A question about the use of drawing-up needles


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Julius Seizure

1 Article; 2,282 Posts

Specializes in Pediatric Critical Care.
Sorry everyone for the lack of clarification.


^^^ these are similar to what I'm refering to when I mean NS flushes. We have to draw them up out of those first before administering them.

So what we used to do is use a twist-locking syringe to lock onto that, withdraw the 10ml flush, take it off and administer.

The new practice I'm asking about it is using a drawing-up needle to withdraw that.

how big are those? how many ml?

Specializes in Cardio-Pulmonary; Med-Surg; Private Duty. Has 5 years experience.
how big are those? how many ml?

They are 30ml according to the website.

They are also FOR EXTERNAL USE according to the website. Check out this picture at the top of their website:


If a facility is using these for IV flushing, that's a HUGE infection risk, IMO -- there's no way to maintain sterility! Not to mention, it says NOT FOR INJECTION right on the unit!

If your facility is using these for IV flushes, please stop immediately and discuss with Risk Management!


1,035 Posts

There is no harm in reconstituting a Protonix or other med at the bedside and giving it immediately. Changing syringes would serve no purpose.

I can see the reasoning when a med is reconstituted for later use, but even so, such a syringe should have an appropriate label added regardless. Why would it matter if it was a "normal saline" syringe or a plain one, if it was labeled?I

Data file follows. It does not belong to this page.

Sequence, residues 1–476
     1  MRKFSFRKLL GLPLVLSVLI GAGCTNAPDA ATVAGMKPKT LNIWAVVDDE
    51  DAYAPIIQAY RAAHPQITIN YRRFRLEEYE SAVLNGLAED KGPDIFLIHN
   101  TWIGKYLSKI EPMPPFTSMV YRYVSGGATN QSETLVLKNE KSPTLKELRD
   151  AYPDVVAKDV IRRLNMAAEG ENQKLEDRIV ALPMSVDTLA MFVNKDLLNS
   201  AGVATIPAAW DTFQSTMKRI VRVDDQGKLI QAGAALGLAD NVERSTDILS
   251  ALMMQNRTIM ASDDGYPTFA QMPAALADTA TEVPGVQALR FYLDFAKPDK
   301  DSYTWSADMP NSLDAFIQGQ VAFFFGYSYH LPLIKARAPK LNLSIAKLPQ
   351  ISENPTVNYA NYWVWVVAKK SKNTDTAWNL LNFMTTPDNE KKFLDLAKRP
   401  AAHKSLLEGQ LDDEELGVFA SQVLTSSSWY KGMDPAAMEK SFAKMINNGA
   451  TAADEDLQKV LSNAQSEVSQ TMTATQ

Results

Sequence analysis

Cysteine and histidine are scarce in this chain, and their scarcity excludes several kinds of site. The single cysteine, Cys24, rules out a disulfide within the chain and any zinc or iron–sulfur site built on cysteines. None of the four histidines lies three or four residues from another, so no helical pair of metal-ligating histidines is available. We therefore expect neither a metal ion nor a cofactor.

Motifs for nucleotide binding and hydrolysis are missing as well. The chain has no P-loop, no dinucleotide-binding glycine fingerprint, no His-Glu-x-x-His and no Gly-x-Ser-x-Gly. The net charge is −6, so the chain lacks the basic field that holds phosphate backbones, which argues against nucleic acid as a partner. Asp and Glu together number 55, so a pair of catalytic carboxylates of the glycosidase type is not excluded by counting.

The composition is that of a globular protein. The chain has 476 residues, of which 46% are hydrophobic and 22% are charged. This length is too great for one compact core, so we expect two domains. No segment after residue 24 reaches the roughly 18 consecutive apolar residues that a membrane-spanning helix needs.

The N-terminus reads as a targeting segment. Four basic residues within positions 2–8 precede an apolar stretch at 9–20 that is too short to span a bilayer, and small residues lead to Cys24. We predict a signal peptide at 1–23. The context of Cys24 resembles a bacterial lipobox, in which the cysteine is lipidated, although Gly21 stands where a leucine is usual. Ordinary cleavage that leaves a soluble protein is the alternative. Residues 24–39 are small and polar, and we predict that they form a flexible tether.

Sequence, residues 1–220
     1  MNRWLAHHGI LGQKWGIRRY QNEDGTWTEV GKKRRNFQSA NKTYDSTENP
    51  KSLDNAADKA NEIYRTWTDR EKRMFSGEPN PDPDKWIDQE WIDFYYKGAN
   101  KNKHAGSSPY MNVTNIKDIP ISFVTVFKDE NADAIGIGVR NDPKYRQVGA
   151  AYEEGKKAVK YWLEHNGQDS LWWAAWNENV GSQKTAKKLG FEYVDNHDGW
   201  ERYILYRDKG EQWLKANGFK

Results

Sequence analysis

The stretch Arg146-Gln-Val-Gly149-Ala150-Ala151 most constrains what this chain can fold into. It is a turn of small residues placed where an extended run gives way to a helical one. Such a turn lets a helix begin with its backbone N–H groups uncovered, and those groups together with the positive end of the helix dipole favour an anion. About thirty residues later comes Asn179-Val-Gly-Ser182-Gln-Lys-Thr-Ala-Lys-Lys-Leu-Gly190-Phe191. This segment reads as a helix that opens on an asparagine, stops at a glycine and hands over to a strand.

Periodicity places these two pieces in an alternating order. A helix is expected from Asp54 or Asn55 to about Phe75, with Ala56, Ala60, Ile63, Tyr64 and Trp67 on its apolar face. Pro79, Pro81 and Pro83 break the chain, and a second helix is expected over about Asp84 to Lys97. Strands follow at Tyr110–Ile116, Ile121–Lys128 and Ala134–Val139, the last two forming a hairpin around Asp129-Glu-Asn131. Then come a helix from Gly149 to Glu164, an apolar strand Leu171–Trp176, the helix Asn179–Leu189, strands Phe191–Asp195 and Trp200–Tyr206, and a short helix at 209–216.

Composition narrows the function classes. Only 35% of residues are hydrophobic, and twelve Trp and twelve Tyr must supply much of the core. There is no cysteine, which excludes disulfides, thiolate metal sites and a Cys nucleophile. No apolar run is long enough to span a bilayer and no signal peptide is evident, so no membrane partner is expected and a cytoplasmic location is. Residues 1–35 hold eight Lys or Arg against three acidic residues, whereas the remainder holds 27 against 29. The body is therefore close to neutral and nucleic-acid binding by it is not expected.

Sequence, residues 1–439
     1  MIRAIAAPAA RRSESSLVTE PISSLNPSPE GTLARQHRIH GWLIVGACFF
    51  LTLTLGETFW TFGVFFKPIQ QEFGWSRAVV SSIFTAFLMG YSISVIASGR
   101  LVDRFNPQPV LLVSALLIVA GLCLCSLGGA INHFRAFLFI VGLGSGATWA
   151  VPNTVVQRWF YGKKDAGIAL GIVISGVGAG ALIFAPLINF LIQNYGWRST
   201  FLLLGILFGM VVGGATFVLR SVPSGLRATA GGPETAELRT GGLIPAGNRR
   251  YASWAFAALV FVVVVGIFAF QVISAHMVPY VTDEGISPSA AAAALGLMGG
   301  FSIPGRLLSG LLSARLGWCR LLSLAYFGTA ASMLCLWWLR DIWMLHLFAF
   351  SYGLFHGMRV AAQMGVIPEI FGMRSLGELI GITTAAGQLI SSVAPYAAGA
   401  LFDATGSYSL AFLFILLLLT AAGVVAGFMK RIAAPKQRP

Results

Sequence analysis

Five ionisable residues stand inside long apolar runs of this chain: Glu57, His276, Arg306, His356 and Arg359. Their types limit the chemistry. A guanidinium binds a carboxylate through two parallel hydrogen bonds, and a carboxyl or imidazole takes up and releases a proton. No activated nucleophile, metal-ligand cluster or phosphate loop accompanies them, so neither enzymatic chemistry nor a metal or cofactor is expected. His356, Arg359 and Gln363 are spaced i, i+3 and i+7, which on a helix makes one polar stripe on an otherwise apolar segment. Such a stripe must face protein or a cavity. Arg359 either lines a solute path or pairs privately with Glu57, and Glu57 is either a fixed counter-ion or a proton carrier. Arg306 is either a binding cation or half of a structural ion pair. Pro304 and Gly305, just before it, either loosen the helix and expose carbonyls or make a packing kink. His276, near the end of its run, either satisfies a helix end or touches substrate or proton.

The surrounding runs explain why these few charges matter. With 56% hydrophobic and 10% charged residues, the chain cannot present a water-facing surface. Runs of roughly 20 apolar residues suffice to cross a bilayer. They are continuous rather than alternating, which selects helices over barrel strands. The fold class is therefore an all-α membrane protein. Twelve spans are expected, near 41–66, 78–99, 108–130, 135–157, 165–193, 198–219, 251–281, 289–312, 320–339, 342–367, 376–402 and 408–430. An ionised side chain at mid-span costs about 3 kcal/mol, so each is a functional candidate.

Meds mixed in a normal saline bag are kept in the original fluid bag, no?

They are, but heaven help anyone who adds something to it and doesn't label it. I think the concern c the flushes is that you might, in a moment of distraction or emergency, put that "flush" in your pocket and then give the med in it to somebody else.


2,453 Posts

This is a good point. Additionally, once you squirt out the saline into a vial for reconstitution of a med, drawing it back up into the same syringe is technically a break in sterility, as the inside of the syringe is no longer sterile because the plunger has been pushed in, exposing the inside of the syringe to the outside.

We used to (years ago) hook up versed bags to patients with a syringe in the middle (similar to an anesthesia set up for pushing blood or fluids) so that we could draw up from the bag and run the med on a syringe pump. We would use the same syringe repeatedly to draw up more med - till someone realized how unsterile and gross that was. Now, new syringes every time.

So- when the plunger is depressed, the barrel is exposed to room air. Just like everything in a sterile field is exposed to room air. Why is this a problem? How can you draw any med into any syringe without exposing the inside of the syringe to the outside? I must be missing something here.

Regarding some other posts- Yup, drugs in an unlabeled flush are dangerous. As are drugs in an unlabeled 50 ml bag, an unlabeled syringe, or an unlabeled anything.

TheCommuter, BSN, RN

226 Articles; 27,608 Posts

Specializes in Case mgmt., rehab, (CRRN), LTC & psych. Has 17 years experience.

Moved to the Nursing and Patient Medications forum.


2 Posts

that's completely backwards. if you draw up NS from a bag using a 10mL wrapped sterile syringe with needle, then discard the needle, and then use the syringe to flush the line, you are exposing the point of contact to air for at least twice as long as if you use a pre-filled 10mL syringe for flushing, where you simply remove the whole from the plastic wrap (still sterile at this point), screw off the cap, and immediately apply it to the port that you've hit with an alcohol pad. furthermore, the aforementioned bag of NS has probably been accessed more than once so the infection risk rises by a factor of one each time it is used, again, due to repeated exposure to environmental air.


2 Posts

There is another alert by ISMP that has more detail about the misuse of Saline prefills.I have it on my computer at work and will find it and post it.The IFUS for prefills state that the product is only be used for IV catheter flushing.It is a one time use as well.You can not use 5 ml...save it and cap it and then use the remaining 5 ml later.You need to use it and discard it and the cap that covers the end should not be used to cover IV tubing either.